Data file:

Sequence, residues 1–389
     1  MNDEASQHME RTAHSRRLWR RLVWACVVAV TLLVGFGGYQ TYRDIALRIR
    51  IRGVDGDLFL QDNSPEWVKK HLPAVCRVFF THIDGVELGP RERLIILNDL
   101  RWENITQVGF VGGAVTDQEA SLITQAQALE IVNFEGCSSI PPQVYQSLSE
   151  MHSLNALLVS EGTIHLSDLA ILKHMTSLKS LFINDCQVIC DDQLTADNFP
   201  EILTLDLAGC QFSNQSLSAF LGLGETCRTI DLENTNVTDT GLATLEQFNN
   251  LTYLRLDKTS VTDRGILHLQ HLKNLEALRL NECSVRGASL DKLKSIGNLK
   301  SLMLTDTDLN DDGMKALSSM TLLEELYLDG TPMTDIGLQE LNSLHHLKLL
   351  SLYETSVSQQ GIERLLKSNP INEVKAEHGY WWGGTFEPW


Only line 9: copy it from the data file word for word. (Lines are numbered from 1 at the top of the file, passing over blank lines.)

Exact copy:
   351  SLYETSVSQQ GIERLLKSNP INEVKAEHGY WWGGTFEPW